Ir a conjugation

Ir a conjugation

Ir a conjugation

The conjugation of "ir" follows irregular patterns. To remember the conjugation, there are a few tricks that other students have found helpful. For example, using your knowledge of "yo" and "tú" conjugations. When learning the future and imperative conjugations of "ir," focus on endings that always appear in the "ya" and "to" pronouns.Ir, meaning “to go”, is one of the top 10 most frequently used verbs in Spanish. So it goes without saying that knowing which form of it to use when is essential to speaking Spanish well. Be aware that ir is highly irregular, so it pays to spend time studying the various conjugations. Lucky for you, this article breaks them all down for you!


In very limited situations, ir would be translated as “to come” instead of “to go” in English. This is because, in Spanish, we talk about going in the sense of going toward something else, and coming in the sense of what is coming towards you (or whoever the subject is). So, have you worked out the meaning of me voy a ir yendo yet? All of the verb forms in that sentence have actually been covered in this article! If you still can’t figure it out, maybe you need some more practice with the ir conjugation. But don’t worry, that’s exactly what Clozemaster is here for! What do you think of the expression me voy a ir yendo?

It is a grammatically correct sentence that uses three different tenses of the ir conjugation to mean “I will get going.” Read ahead to find every tense of the ir conjugation and more expressions like this! The indicative mood has the most basic tenses of the Spanish verb ir. By learning the present simple, past simple, future simple, past imperfect, and conditional you will understand basic expressions and conversation with ir. We use the subjunctive mood to talk about hypotheses, hopes, wishes, or uncertainty. This is a more advanced mode of the Spanish verb ir. The forms of this mood are the present, past, past perfect, and future subjunctive. The latter one is rarely used, so I did not include it in this lesson. (Source: www.spanish.academy)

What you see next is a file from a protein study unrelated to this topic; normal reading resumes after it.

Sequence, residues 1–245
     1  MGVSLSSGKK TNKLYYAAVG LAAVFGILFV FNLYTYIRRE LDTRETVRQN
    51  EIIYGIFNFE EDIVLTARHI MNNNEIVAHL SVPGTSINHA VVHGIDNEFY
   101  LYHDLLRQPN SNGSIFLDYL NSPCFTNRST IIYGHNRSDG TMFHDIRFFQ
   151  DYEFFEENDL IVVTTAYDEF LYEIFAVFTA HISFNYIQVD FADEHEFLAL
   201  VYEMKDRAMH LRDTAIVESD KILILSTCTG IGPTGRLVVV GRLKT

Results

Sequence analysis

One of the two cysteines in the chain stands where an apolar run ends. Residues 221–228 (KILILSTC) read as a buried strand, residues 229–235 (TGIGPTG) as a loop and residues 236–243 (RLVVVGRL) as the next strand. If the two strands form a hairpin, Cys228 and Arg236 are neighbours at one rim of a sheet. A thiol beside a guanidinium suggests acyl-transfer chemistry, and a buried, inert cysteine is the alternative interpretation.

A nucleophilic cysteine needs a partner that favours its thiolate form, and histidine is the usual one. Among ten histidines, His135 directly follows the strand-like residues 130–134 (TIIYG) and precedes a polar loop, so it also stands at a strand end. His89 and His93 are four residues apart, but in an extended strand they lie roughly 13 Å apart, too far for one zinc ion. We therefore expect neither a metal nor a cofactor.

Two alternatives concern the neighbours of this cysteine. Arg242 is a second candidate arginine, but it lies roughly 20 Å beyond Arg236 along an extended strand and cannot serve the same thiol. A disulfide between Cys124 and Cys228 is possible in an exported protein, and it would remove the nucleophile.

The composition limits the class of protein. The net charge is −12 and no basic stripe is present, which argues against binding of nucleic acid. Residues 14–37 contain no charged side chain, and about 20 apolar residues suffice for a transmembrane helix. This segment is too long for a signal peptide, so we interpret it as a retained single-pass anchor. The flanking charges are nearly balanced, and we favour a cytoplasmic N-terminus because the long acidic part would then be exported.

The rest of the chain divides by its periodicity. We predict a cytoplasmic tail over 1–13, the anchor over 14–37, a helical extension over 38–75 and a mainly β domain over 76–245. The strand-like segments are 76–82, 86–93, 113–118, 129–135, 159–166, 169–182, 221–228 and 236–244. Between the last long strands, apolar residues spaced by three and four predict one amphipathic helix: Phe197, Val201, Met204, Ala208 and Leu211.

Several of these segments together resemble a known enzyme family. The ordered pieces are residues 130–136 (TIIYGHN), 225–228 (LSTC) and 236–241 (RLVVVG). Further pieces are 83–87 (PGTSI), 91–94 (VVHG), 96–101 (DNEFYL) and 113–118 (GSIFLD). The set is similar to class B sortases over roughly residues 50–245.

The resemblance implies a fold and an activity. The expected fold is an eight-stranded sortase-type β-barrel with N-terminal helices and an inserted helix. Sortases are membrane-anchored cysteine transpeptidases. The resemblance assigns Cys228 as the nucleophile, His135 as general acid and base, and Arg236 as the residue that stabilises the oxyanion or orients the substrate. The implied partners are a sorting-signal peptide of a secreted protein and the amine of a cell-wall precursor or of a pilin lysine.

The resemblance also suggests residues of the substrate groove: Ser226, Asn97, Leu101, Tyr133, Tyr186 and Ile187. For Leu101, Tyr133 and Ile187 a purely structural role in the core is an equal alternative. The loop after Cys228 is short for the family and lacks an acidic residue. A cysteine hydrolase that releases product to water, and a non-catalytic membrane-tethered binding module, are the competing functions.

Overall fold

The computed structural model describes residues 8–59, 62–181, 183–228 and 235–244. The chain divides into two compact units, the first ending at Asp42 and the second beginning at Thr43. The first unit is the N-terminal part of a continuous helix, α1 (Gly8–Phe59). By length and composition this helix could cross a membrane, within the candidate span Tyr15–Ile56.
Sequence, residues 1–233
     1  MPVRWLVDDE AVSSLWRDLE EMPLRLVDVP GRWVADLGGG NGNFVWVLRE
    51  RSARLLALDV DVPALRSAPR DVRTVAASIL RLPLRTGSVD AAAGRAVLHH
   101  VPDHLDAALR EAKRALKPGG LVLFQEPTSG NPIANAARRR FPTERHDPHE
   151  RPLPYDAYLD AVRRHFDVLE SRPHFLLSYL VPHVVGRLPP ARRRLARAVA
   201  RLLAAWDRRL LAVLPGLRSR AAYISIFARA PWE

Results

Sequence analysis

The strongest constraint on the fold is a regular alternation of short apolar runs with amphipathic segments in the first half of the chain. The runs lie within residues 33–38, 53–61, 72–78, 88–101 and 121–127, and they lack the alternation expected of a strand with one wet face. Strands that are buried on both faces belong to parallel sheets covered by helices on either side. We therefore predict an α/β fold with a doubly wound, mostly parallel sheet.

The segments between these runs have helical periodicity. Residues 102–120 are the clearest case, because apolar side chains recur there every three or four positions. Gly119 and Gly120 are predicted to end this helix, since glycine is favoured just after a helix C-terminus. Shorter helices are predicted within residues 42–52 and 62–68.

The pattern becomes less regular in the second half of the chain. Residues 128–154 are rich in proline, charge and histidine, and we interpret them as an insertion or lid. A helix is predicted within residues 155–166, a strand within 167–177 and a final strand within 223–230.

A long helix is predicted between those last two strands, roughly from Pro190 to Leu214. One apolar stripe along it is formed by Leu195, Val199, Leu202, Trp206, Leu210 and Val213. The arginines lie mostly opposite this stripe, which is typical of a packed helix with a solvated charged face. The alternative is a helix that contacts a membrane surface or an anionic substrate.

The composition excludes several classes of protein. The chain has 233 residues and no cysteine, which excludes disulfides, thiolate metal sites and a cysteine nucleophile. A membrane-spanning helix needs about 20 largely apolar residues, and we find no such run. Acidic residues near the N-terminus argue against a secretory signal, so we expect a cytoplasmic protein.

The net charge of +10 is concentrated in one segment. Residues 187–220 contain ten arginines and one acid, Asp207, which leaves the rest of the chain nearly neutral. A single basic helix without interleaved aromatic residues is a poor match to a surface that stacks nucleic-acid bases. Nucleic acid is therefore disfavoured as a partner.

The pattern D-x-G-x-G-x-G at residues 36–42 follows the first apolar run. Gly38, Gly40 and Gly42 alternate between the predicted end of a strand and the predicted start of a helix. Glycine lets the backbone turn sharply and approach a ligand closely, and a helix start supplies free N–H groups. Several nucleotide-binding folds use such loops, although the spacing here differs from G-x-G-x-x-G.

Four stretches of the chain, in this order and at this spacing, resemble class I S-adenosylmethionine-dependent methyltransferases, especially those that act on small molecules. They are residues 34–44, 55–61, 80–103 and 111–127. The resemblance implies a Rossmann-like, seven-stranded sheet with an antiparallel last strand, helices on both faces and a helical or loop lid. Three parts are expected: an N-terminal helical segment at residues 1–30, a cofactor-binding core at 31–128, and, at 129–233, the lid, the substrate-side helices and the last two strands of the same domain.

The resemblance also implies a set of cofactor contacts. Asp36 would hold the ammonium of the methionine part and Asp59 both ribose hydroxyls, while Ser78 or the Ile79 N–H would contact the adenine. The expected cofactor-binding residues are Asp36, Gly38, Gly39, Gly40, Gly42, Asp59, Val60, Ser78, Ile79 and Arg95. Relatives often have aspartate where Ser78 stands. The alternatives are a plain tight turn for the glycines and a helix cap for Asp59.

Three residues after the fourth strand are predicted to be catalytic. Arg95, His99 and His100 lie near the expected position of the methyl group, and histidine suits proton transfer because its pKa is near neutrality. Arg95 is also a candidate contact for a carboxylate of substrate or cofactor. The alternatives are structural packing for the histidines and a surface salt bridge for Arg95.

ER and IR verb conjugations in the present tense are almost identical. Below, comer (to eat), a common -er verb, and vivir (to live), a common -ir verb are divided by their stems (com-, viv-) and their conjugation endings, which change with the subject. All regular -er and -ir verbs are conjugated in this way, by adding the ending on to the stem.

All Spanish verbs end in either -ir, -er, or -ar. Each of these verb categories have specific rules governing how they change to express layers of crucial information about the situation. Verbs that end in -ir are less common than their -er and -ar siblings but no less important! (Source:ingvist.com)



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